[Event "?"] [Site "?"] [Date "2013.04.18"] [Round "?"] [White "Belous, Vladimir"] [Black "Eliseev, Urii"] [Result "1-0"] [WhiteElo "2560"] [BlackElo "2541"] [PlyCount "79"] [EventDate "2013.??.??"] 1. d4 d5 2. c4 dxc4 3. e4 e5 4. Nf3 exd4 5. Bxc4 Nc6 6. O-O Be6 7. Nbd2 Qf6 8. Bd3 O-O-O 9. Qa4 g5 10. e5 {This not only opens lines for the bishop and the e4 square for the knight, but if taken will leave a7 for the picking.} Qe7 11. Bb5 {The king is already no longer safe.} Bd5 12. Bxc6 Bxc6 13. Qxa7 b6 14. Nc4 Qc5 15. Bxg5 $1 f6 {More or less forced.} ({Taking the piece with} 15... Qxc4 { leads to a quick route after} 16. Bxd8 Kxd8 17. Qb8+ Kd7 18. Rfc1 Qe6 19. Rxc6 Qxc6 20. Qxf8 {and the rook on h8 falls as well since} Qh6 21. e6+ Qxe6 (21... Kxe6 22. Qe8+ {and Qe5+}) 22. Re1 Qf6 23. Qe8+ Kd6 24. Ne5 {and Black gets mated.}) 16. Rfc1 $1 fxg5 17. b4 $3 {Brilliant and precise. "Please take the pawn."} Qd5 {"No thanks."} (17... Qxb4 {loses right out to} 18. Rab1 {and Black's position is about to implode.}) 18. b5 {"I insist."} Qxb5 19. Rab1 Qc5 20. Qa6+ {Belous gets caught up in his creativity and misses the most straightforward win.} (20. Rxb6 {was the easy win.} Kd7 21. e6+ Ke8 (21... Kxe6 22. Qxc7 {and the bishop is lost as well as the king.}) 22. Qxc7 {threatening Qf7 mate.}) 20... Kd7 21. Nxb6+ cxb6 22. e6+ Kxe6 23. Qe2+ Kd7 24. Ne5+ Kc7 25. Nxc6 d3 26. Qf3 g4 27. Qxg4 Kxc6 28. Qe4+ Rd5 29. Qe6+ Bd6 30. Qc8+ Bc7 31. Qe6+ Bd6 32. Qc8+ Bc7 33. Rxc5+ bxc5 34. Qa8+ Kd6 35. Qf8+ Kc6 36. Qe8+ Rd7 37. Rd1 c4 38. Qe6+ Rd6 39. Qxc4+ Kd7 40. Qg4+ 1-0 [Event "?"] [Site "?"] [Date "2013.04.16"] [Round "1"] [White "Oparin, Grigoriy"] [Black "Belous, Vladimir"] [Result "0-1"] [WhiteElo "2496"] [BlackElo "2560"] [PlyCount "117"] [EventDate "2013.??.??"] 1. e4 c5 2. Nf3 Nc6 3. d4 cxd4 4. Nxd4 e5 5. Nb5 d6 6. N1c3 a6 7. Na3 b5 8. Nd5 Nge7 9. c4 Nxd5 10. Qxd5 Bd7 11. Be3 b4 12. Nc2 Be7 13. Be2 O-O 14. O-O Qb8 15. b3 a5 16. Rad1 Nd8 17. Qd3 Bc6 18. Bg4 Ne6 19. Bxe6 fxe6 20. f3 d5 21. exd5 exd5 22. Rfe1 Bh4 23. Re2 d4 24. Bf2 Bf6 25. Bg3 Qd6 26. Ne3 h5 27. Nf5 Qc5 28. Bf2 Rae8 29. Rde1 Bd8 30. Ng3 h4 31. Ne4 Qe7 32. h3 Rf4 33. Kh1 Ref8 34. Bg1 Bc7 35. Bh2 R4f5 36. Nd2 Qf6 37. Ne4 Qg6 38. Nf2 Qh5 39. Kg1 Rxf3 $3 {These exclamation points are not because the move is mathematically correct, but are for inventiveness and sheer guts.} 40. gxf3 {There is no choice.} Rxf3 41. Rxe5 $1 {A good reply by White after the initial shock.} Bxe5 42. Rxe5 Qh6 43. Qxd4 Qg6+ 44. Kf1 Qb1+ 45. Re1 Qxa2 {White has managed to avoid an immediate loss, and is a piece up, but his equanamity has to have been rocked.} 46. Be5 Qxb3 47. Qg4 Qd3+ 48. Kg1 Qd7 49. Qxh4 ({Exchanging queens with} 49. Qxd7 Bxd7 {is no good due to the passed a- and b-pawns that guarantee Black's temerity won't be punished.}) 49... Qe6 50. Qg5 Qf7 51. Ng4 Rxh3 52. Nf6+ Kh8 53. Re3 {Black finally gets his chance.} (53. Rd1 {would now win for White.}) 53... Rh1+ 54. Kf2 Qxc4 55. Re2 Bb5 56. Kg2 Rh6 57. Rf2 Qd3 58. Ng4 Kh7 59. Rf7 0-1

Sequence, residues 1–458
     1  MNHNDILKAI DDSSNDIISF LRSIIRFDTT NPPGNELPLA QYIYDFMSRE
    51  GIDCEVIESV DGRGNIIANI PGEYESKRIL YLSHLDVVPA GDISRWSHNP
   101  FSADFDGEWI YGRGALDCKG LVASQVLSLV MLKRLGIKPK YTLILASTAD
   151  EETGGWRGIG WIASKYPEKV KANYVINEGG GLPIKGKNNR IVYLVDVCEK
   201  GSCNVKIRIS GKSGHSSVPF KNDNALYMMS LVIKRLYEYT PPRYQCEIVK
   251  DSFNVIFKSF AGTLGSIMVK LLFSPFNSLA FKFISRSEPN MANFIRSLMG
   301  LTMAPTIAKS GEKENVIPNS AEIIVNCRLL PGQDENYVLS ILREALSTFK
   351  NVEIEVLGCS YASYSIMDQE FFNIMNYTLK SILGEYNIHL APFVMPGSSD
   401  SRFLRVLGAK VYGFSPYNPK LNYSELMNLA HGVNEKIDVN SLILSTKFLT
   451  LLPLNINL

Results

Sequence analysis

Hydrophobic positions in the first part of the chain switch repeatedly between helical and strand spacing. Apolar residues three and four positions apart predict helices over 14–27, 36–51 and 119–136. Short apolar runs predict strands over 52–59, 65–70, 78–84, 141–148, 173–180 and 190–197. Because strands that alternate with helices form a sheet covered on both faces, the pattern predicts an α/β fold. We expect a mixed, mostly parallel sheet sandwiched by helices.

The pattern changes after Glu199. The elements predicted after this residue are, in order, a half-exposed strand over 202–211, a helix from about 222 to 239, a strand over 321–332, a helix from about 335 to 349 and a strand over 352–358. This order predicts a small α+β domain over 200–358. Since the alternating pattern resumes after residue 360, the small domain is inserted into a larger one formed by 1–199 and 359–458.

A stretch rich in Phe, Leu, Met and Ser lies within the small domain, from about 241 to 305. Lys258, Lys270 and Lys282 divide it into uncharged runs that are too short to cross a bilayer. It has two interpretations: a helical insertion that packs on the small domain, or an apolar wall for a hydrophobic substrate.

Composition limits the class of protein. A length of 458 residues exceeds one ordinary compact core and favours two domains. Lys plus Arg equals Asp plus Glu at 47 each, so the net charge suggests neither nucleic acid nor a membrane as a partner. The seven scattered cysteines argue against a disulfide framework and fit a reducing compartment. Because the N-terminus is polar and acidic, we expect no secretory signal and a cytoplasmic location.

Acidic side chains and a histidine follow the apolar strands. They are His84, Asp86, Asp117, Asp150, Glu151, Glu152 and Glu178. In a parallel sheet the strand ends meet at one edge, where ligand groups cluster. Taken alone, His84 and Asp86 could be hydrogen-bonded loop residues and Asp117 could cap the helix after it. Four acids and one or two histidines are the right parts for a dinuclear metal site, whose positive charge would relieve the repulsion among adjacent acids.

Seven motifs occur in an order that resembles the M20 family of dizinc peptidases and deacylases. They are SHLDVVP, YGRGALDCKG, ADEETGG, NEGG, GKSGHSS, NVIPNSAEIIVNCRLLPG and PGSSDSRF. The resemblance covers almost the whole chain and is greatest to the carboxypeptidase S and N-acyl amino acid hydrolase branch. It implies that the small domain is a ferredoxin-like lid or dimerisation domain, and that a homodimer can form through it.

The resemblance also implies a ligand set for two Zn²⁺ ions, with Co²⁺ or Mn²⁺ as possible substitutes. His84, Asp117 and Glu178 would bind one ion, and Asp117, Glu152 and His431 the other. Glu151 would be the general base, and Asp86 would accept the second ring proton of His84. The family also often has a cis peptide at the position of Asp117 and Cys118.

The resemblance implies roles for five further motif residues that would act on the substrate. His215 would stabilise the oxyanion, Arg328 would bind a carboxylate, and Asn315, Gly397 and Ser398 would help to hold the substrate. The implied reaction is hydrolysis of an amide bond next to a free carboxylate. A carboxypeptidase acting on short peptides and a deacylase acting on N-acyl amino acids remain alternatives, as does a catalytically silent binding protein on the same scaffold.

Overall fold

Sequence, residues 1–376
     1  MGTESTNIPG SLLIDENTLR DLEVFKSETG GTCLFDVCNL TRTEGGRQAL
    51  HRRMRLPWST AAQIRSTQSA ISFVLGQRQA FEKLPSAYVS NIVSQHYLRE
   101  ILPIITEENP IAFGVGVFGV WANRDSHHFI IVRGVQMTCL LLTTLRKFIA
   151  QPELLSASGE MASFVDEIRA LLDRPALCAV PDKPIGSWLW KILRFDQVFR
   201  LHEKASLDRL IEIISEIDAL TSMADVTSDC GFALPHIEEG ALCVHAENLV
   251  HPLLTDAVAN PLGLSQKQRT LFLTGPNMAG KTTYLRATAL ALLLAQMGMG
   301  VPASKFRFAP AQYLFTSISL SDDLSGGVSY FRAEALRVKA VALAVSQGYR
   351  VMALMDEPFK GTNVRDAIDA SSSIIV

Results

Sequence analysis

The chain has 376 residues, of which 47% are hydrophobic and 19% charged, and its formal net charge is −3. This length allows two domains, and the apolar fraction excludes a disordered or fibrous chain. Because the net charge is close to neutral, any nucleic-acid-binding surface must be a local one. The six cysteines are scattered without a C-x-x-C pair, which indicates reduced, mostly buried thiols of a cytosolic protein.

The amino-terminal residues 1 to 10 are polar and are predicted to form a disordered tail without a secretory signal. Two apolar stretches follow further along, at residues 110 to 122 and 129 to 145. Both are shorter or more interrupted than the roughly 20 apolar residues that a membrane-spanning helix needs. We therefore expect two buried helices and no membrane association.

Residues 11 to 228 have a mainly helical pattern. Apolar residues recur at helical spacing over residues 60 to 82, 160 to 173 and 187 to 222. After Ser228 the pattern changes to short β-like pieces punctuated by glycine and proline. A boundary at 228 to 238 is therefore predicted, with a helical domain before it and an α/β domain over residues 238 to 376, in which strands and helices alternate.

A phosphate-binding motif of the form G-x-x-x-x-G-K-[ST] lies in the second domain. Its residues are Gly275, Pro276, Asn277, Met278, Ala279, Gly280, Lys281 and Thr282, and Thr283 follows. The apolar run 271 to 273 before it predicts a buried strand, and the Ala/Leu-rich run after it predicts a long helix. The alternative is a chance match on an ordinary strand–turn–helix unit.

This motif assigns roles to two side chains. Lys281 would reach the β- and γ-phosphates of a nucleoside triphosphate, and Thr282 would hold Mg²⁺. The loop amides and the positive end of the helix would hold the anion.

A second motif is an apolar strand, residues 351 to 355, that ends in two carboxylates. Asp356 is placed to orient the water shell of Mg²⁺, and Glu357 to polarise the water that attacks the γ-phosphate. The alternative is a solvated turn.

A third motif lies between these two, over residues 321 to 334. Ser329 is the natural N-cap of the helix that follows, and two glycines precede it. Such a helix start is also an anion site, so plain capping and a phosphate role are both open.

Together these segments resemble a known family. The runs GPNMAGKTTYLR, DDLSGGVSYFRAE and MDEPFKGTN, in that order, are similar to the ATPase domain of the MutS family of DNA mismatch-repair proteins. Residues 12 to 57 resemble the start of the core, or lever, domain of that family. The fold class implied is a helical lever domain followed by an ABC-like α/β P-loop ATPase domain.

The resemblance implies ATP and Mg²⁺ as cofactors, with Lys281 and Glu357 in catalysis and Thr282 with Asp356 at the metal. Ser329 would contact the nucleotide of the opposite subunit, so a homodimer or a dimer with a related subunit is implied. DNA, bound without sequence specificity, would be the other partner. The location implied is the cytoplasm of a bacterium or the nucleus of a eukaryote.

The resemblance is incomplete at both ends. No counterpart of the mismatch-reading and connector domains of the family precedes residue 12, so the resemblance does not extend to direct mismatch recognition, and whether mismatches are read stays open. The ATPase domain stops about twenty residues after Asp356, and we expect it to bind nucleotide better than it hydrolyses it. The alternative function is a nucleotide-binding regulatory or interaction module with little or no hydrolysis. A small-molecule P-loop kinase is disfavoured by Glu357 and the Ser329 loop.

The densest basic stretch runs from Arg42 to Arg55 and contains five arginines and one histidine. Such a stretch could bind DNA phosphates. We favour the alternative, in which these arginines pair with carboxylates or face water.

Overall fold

Great stuff.

Vladimir Artemiev, Russian U21 Boy's Champion

Andrey Stukopin, who led temporarily in the middle of the tournament, came in
second, beating two others on tiebreak.

The proud winners of the U21 championship: Vladimir Artemiev (gold), Andrey Stukopin
(silver), and Ivan Bukavshin (bronze). Bukavshin, though rated 2522, has an impressive
FIDE Blitz rating of 2683.

Final standings of Boy's U21 Championship

The Russian Girl's U21 championship was won by Alina Kashlinskaya with 6.0/9. It seem pretty obvious that had Alexandra Goryachkina played in it she would have been the easy favorite, but the Russian prodigy had other plans as noted above.

Olga Petrova showed up with both skill and a beautiful hair style

Final standings of Girl's U21 Championship

The 2013 Russian U21 Girl's Champions: Alina Kashlinskaya (gold), Daria Pustovoitova (silver), and Dina Belenkaya (bronze).

Pictures by Vladimir Barsky and Eteri Kublashvili


The games are being broadcast live on the official web site and on the chess server If you are not a member you can download a free Playchess client there and get immediate access. You can also use ChessBase 12 or any of our Fritz compatible chess programs.